July 2021

July 2021

Feature #33

Altura Coffee Co. know just what gets us excited and so they reached out to us to collaborate and share some unusual.

While Natural processed coffees are not unusual in themselves, they're less common in Colombia (approx 75% of Colombian coffee is washed processed) due to the weather conditions being unfavourable. What makes this particular natural so interesting is that the producer, Andres Tujillo exclusevely uses natural processing for his and his fathers harvest. So keen to have this story told, green bean was held for us until our schedules aligned, something we are grateful for. 

Our July collaboration marks our third time partnering with Altura Coffee Co and builds on an extensive catalogue of Colombian coffees and snapshots of coffee production in Colombia. Lets explore this collab;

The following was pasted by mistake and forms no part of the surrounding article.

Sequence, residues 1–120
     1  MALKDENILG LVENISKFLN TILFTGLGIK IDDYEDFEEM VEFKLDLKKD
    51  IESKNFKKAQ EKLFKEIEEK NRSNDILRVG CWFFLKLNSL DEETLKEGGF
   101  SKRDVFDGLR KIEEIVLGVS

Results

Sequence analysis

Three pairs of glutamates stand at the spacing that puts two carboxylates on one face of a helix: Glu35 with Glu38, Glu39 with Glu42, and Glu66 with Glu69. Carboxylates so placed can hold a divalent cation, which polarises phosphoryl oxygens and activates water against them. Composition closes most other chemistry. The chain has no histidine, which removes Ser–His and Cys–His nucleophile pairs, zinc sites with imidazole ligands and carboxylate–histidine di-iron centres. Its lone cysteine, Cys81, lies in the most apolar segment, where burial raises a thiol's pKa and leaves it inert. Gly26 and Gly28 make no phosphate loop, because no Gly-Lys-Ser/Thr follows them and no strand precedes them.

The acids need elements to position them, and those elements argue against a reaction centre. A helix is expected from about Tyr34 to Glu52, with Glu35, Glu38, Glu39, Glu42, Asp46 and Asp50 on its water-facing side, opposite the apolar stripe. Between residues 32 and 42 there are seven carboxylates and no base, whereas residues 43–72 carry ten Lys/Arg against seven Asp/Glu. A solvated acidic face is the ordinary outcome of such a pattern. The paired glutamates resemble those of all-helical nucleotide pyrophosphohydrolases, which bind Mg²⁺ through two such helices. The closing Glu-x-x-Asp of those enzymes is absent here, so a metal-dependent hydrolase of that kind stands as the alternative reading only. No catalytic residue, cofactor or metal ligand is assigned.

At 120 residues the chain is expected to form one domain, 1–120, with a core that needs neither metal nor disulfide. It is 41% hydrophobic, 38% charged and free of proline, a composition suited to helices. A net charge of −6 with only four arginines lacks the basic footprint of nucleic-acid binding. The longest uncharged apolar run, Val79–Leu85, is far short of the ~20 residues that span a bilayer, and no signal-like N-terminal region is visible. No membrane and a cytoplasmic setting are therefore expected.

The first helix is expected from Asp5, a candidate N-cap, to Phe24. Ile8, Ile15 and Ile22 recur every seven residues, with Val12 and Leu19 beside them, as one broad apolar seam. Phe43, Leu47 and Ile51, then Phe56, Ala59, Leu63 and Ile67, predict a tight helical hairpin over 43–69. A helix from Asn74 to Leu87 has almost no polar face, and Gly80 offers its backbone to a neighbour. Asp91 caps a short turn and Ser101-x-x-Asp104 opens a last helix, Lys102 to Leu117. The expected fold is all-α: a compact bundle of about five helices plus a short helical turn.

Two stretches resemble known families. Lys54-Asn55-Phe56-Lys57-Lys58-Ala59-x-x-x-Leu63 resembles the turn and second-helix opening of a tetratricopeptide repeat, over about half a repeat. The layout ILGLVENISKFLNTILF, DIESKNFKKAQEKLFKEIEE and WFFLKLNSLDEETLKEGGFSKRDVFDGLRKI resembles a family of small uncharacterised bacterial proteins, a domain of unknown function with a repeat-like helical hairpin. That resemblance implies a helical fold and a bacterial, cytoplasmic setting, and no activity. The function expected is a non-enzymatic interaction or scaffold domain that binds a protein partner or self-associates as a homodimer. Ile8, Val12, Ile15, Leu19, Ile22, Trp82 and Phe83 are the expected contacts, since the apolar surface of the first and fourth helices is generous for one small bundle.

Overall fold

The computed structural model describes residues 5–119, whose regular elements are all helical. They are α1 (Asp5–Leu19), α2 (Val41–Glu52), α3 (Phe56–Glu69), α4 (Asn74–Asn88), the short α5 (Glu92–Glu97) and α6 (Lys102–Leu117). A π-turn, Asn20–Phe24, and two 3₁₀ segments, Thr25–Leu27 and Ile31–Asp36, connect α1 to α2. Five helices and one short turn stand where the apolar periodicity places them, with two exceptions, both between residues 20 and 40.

From our very first conversation with Karl, founder of Cedro Alto, we knew that these guys were our kind of people. We’d briefly spoken via Instagram a few years prior, but reconnecting to talk about Andres confirmed that Cedro Alto are different, in the best possible way. When we spoke to gather a background on Andres, in the fashion we normally do, we realised just how progressive these guys are. Wanting to step away from painting a picture of the producer from their one lens, there was no “story’ written. Karl explained this is because he believes “it’s very hard to fit a family of complex humans into a paragraph”, as is quite standard within the industry and something that he admits to having done in the past, but believes that things can be done better, to provide insight into the unique and complex lives of coffee producers. Due to the roller coaster of global events, their new approach just wasn’t available yet. ironically, Karl recounted how in March 2020 just days before Covid-19 turned the world upside down, he had been sitting at the in the family home of Andres and his wife chatting about whether Covid was a big deal or not. The alternative offered by Karl was to put some questions directly to Andres, we’ve also asked if Andres has question that he would like to ask us, because transparency should be a two way street for the benefit everyone in the supply chain, not a marketing buzzword. Stay tuned, we hope to be able to present Andres’s answers along with his questions in the near future, due to the nature of language barriers, two way translations and Covid it has not been available at time of publication.